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IO::Select

Perl 5 version 14.0 documentation
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IO::Select

NAME

IO::Select - OO interface to the select system call

SYNOPSIS

  1. use IO::Select;
  2. $s = IO::Select->new();
  3. $s->add(\*STDIN);
  4. $s->add($some_handle);
  5. @ready = $s->can_read($timeout);
  6. @ready = IO::Select->new(@handles)->can_read(0);

DESCRIPTION

The IO::Select package implements an object approach to the system select function call. It allows the user to see what IO handles, see IO::Handle, are ready for reading, writing or have an exception pending.

CONSTRUCTOR

  • new ( [ HANDLES ] )

    The constructor creates a new object and optionally initialises it with a set of handles.

METHODS

  • add ( HANDLES )

    Add the list of handles to the IO::Select object. It is these values that will be returned when an event occurs. IO::Select keeps these values in a cache which is indexed by the fileno of the handle, so if more than one handle with the same fileno is specified then only the last one is cached.

    Each handle can be an IO::Handle object, an integer or an array reference where the first element is an IO::Handle or an integer.

  • remove ( HANDLES )

    Remove all the given handles from the object. This method also works by the fileno of the handles. So the exact handles that were added need not be passed, just handles that have an equivalent fileno

  • exists ( HANDLE )

    Returns a true value (actually the handle itself) if it is present. Returns undef otherwise.

  • handles

    Return an array of all registered handles.

  • can_read ( [ TIMEOUT ] )

    Return an array of handles that are ready for reading. TIMEOUT is the maximum amount of time to wait before returning an empty list, in seconds, possibly fractional. If TIMEOUT is not given and any handles are registered then the call will block.

  • can_write ( [ TIMEOUT ] )

    Same as can_read except check for handles that can be written to.

  • has_exception ( [ TIMEOUT ] )

    Same as can_read except check for handles that have an exception condition, for example pending out-of-band data.

  • count ()

    Returns the number of handles that the object will check for when one of the can_ methods is called or the object is passed to the select static method.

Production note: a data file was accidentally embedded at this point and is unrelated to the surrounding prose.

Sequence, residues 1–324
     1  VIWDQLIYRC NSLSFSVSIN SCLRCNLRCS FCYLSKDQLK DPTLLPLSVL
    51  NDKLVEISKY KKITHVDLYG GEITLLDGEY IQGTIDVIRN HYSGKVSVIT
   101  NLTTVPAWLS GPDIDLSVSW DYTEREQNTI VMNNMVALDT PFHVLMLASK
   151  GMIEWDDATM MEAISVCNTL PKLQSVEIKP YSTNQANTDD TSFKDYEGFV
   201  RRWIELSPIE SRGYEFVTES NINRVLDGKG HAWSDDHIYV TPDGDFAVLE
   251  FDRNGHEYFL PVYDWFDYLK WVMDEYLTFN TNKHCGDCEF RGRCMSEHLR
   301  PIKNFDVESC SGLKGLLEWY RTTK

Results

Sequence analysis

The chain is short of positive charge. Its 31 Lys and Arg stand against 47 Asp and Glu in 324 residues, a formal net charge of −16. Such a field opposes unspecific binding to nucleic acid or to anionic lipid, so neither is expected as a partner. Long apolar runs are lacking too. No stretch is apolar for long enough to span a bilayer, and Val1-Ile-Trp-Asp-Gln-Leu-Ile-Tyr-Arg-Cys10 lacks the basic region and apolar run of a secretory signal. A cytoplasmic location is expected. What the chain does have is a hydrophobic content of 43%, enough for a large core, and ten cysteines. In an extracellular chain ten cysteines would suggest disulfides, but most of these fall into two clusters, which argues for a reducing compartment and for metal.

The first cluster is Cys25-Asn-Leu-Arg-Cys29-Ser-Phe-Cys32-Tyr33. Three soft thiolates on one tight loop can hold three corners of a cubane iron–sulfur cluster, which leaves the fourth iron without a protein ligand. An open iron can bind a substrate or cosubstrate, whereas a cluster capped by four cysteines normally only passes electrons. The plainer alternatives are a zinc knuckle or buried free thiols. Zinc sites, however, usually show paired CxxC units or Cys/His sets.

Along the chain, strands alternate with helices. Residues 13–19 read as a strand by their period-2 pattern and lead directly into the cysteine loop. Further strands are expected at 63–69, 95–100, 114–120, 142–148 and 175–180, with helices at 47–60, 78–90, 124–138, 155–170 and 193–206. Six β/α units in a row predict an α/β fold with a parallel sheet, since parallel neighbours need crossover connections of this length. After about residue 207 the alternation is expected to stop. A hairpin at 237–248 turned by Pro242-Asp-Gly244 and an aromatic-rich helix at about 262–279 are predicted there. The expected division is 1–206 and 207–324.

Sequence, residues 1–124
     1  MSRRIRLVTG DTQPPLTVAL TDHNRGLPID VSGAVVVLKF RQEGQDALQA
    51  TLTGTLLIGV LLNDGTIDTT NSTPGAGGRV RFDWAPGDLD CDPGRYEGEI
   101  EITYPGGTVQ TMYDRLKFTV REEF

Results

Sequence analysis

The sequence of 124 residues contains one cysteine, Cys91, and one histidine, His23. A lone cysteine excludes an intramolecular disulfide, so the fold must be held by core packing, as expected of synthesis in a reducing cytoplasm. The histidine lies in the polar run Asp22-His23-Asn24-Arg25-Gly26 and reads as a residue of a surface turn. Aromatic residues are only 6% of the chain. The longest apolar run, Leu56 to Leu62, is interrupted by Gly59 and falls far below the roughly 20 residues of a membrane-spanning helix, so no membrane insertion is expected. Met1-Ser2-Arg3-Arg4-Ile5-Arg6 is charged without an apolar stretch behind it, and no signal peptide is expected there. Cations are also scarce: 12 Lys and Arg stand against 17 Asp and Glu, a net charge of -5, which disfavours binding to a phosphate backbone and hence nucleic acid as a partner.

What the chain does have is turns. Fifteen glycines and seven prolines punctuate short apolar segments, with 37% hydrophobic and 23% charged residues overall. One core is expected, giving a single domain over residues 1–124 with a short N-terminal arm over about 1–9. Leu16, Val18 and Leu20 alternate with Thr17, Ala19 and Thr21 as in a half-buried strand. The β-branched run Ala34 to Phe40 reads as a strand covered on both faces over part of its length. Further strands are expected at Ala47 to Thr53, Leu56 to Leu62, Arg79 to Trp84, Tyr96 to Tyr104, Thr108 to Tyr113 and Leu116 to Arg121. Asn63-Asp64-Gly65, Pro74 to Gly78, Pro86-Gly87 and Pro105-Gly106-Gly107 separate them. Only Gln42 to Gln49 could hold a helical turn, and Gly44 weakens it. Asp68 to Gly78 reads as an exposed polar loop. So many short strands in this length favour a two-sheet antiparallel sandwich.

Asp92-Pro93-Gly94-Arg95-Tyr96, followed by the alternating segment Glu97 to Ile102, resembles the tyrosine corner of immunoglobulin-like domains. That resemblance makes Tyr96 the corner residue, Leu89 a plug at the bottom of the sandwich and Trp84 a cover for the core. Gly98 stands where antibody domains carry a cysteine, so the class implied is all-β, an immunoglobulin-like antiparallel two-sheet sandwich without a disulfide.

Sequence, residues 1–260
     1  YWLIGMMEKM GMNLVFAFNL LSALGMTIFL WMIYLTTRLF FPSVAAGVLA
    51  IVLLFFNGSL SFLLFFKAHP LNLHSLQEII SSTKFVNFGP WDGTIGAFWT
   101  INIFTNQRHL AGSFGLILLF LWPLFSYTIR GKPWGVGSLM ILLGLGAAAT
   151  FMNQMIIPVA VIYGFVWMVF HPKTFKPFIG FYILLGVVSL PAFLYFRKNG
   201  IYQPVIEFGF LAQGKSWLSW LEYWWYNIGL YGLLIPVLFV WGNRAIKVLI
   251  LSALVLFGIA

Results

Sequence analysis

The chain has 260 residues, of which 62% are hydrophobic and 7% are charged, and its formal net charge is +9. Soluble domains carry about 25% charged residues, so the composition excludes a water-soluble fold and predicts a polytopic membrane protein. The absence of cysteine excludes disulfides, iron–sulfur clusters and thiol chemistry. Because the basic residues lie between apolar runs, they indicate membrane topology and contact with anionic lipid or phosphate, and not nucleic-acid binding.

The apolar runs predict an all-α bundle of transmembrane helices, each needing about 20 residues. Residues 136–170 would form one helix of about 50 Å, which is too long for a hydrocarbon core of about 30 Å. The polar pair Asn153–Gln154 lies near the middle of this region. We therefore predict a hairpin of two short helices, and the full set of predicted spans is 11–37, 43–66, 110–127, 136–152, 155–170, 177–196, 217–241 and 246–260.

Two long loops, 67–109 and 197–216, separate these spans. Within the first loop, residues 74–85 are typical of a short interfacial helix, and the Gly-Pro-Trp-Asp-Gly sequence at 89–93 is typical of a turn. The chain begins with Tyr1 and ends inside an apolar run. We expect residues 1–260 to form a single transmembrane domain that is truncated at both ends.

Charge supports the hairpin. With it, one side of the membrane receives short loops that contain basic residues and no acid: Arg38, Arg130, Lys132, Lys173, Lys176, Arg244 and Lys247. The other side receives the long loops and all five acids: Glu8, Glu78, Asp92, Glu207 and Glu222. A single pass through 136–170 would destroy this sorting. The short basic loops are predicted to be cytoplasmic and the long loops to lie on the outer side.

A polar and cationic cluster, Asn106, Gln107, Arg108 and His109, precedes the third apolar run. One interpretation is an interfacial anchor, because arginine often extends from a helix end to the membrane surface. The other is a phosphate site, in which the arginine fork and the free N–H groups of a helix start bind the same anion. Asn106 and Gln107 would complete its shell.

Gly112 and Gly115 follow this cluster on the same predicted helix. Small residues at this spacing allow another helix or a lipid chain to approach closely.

• bits()

    Return the bit string suitable as argument to the core select() call.

  • select ( READ, WRITE, EXCEPTION [, TIMEOUT ] )

    select is a static method, that is you call it with the package name like new . READ , WRITE and EXCEPTION are either undef or IO::Select objects. TIMEOUT is optional and has the same effect as for the core select call.

    The result will be an array of 3 elements, each a reference to an array which will hold the handles that are ready for reading, writing and have exceptions respectively. Upon error an empty list is returned.

EXAMPLE

Here is a short example which shows how IO::Select could be used to write a server which communicates with several sockets while also listening for more connections on a listen socket

  1. use IO::Select;
  2. use IO::Socket;
  3. $lsn = IO::Socket::INET->new(Listen => 1, LocalPort => 8080);
  4. $sel = IO::Select->new( $lsn );
  5. while(@ready = $sel->can_read) {
  6. foreach $fh (@ready) {
  7. if($fh == $lsn) {
  8. # Create a new socket
  9. $new = $lsn->accept;
  10. $sel->add($new);
  11. }
  12. else {
  13. # Process socket
  14. # Maybe we have finished with the socket
  15. $sel->remove($fh);
  16. $fh->close;
  17. }
  18. }
  19. }

AUTHOR

Graham Barr. Currently maintained by the Perl Porters. Please report all bugs to <perl5-porters@perl.org>.

COPYRIGHT

Copyright (c) 1997-8 Graham Barr <gbarr@pobox.com>. All rights reserved. This program is free software; you can redistribute it and/or modify it under the same terms as Perl itself.